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  • TCEQ OUTDOOR BURNING REGULATIONS

    The TCEQ Outdoor Burning Rule first prohibits outdoor burning anywhere in Texas, and then allows exceptions for specific situations in which burning is necessary or does not pose a threat to the environment. The rule also prescribes conditions that must be met to protect the environment and avoid other adverse impacts when burning is allowed. If burning seems necessary, but the situation does not fit an exception stated in the rule, then it is possible to request a special authorization to conduct burning from the TCEQ.

    VIEW OUTDOOR BURNING RULES, REGULATIONS, AND GUIDANCE (PDF)

     

    If you have any concerns or questions regarding outdoor burning, please call the Henderson County Fire Marshal's Office at 903-675-6157. Thank you.

  • OUTDOOR WARNING SIREN

    If you hear the outdoor warning siren, that means that something life-threating is happening and you should immediately go indoors and get more information. Check with your local news agency or visit this site for news updates. Majority of activated sirens sound for tornadoes headed towards the local area or severe storms with winds that exceed 70 mph.

  • TORNADO SAFETY TIPS

    In the event of a tornado:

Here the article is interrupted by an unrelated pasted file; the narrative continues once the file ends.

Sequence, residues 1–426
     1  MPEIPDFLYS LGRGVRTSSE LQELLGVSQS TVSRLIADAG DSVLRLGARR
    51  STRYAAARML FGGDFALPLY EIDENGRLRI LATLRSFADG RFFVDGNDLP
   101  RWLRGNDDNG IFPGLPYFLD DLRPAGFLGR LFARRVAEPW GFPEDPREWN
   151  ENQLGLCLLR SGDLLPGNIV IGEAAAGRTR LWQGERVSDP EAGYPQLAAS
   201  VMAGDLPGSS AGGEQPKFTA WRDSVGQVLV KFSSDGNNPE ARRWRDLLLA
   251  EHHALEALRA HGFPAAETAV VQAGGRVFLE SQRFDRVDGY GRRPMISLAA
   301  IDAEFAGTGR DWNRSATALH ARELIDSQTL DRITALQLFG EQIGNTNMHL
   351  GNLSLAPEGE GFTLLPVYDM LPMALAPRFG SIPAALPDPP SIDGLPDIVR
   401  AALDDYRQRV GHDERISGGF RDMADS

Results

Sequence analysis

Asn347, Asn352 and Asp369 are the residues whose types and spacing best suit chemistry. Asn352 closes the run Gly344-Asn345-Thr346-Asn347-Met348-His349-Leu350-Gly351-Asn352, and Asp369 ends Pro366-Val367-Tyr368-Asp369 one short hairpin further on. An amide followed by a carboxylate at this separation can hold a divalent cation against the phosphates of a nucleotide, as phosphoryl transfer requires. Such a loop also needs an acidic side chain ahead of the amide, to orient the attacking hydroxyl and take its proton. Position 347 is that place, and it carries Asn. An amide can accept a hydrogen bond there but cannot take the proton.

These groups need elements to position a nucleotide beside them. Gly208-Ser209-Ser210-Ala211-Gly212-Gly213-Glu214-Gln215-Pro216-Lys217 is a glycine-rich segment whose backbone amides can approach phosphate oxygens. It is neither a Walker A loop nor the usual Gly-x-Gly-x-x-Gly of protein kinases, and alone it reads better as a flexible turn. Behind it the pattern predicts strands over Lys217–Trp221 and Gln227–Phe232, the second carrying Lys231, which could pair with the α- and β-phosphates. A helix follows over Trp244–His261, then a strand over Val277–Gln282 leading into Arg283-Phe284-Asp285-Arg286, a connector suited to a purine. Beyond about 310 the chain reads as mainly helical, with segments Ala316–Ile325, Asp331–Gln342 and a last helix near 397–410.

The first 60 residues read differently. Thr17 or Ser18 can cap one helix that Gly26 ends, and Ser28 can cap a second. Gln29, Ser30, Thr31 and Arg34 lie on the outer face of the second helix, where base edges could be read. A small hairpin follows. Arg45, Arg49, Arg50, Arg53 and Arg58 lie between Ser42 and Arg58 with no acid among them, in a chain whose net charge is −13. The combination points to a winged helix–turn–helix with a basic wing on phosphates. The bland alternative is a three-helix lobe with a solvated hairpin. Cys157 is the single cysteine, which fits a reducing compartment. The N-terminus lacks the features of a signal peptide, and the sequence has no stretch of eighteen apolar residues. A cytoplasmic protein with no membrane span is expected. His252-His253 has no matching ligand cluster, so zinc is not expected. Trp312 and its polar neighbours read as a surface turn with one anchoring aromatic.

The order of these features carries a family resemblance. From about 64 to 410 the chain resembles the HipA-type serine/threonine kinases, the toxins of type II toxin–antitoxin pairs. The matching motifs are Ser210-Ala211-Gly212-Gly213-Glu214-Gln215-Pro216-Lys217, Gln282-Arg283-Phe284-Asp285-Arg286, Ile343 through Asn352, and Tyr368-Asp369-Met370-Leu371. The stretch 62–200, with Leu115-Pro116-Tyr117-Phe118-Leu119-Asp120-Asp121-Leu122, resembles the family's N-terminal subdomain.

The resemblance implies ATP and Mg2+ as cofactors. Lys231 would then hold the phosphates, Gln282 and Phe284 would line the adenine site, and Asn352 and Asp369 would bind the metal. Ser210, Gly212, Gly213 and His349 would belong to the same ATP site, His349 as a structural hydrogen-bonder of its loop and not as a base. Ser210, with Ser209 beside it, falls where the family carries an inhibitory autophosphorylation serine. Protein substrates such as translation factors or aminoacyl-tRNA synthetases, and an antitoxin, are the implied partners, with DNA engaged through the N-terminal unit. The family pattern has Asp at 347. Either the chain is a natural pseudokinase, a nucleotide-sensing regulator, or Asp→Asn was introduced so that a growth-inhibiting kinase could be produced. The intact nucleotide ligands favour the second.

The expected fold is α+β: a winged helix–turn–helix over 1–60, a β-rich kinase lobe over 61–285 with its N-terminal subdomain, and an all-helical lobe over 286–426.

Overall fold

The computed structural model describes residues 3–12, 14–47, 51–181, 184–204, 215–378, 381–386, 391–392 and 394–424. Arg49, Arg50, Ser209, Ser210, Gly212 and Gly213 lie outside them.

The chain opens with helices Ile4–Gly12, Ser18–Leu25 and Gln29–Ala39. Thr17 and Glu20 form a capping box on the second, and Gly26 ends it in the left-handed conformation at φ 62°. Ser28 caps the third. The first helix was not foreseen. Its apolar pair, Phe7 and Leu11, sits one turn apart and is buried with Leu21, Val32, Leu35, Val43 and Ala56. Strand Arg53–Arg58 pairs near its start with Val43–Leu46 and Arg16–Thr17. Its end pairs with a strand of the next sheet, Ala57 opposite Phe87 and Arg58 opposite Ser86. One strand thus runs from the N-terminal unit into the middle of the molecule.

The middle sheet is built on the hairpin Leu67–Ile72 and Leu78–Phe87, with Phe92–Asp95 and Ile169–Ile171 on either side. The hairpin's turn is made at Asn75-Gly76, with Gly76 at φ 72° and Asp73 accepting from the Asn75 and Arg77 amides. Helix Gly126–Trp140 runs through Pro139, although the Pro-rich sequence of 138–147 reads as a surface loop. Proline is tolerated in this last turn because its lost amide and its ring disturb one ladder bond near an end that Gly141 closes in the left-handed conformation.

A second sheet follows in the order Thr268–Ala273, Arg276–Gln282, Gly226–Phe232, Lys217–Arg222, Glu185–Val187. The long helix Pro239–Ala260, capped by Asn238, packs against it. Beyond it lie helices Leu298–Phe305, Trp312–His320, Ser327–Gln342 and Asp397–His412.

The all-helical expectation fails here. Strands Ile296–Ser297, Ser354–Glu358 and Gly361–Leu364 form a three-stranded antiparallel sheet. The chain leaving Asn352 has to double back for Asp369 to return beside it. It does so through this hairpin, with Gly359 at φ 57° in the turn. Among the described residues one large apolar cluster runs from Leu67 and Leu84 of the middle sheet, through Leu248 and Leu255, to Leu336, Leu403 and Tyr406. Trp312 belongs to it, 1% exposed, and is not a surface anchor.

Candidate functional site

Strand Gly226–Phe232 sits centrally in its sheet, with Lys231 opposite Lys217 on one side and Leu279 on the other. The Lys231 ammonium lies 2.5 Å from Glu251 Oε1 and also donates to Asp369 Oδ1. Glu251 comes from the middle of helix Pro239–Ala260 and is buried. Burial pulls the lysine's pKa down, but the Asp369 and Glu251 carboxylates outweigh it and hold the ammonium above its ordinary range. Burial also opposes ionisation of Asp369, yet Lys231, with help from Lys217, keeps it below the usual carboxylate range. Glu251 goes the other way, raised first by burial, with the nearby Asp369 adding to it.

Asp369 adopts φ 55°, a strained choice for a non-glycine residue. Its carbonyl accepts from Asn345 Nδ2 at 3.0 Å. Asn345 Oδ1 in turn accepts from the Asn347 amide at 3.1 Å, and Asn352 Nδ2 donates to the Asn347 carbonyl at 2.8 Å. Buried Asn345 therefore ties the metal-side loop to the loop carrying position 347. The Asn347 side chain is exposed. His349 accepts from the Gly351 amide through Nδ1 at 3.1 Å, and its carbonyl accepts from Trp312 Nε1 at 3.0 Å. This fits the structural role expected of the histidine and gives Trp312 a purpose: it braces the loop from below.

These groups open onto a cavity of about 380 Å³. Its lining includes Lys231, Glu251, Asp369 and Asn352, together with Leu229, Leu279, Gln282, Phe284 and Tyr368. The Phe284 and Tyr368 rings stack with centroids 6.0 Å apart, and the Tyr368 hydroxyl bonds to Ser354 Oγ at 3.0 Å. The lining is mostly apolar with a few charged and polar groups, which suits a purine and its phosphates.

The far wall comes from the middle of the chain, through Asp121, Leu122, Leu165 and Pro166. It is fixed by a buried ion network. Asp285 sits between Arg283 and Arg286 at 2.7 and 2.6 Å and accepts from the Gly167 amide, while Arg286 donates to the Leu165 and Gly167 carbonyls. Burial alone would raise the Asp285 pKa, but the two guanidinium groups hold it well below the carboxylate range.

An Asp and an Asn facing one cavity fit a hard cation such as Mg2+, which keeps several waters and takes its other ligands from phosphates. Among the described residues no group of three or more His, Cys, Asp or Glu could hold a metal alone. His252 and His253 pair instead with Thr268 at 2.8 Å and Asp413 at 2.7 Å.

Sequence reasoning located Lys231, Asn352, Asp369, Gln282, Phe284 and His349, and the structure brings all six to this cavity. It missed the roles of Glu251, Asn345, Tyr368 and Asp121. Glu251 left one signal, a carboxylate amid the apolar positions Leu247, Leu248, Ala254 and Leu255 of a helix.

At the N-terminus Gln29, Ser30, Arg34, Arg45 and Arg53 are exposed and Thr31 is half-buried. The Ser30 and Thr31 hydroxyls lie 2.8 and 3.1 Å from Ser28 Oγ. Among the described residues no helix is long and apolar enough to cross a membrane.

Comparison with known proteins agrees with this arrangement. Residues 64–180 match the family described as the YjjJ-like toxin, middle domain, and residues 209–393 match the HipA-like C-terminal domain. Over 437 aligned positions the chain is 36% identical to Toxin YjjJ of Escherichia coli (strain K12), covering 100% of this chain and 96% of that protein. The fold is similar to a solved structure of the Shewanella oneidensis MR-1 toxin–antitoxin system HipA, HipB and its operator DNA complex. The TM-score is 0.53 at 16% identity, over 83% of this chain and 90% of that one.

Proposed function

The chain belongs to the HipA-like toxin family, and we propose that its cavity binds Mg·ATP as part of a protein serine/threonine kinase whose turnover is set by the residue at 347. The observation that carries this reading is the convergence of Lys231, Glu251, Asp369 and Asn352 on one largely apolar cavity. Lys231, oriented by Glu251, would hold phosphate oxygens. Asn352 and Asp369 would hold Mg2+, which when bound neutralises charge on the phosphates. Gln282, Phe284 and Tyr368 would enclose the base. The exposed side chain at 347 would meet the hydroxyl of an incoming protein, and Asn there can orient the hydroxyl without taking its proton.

• Go to a pre-designated area such as a storm shelter, safe room, basement, or the lowest building level. If there is no basement, go to the center of a small interior room on the lowest level (closet, interior hallway) away from corners, windows, doors, and outside walls. Put as many walls as possible between you and the outside.
    • Put a helmet on to protect against flying debris (such as a bicycle helmet). Get under a sturdy table and use your arms to protect your head and neck.
    • Put on sturdy shoes.
    • Do not go near or open windows.

     

    If you are not in a sturdy building, there is no single research-based recommendation for what last-resort action to take because many factors can affect your decision. Possible actions include:

    • Immediately get into a vehicle, buckle your seat belt and try to drive to the closest sturdy shelter. If your vehicle is hit by flying debris while you are driving, pull over and park.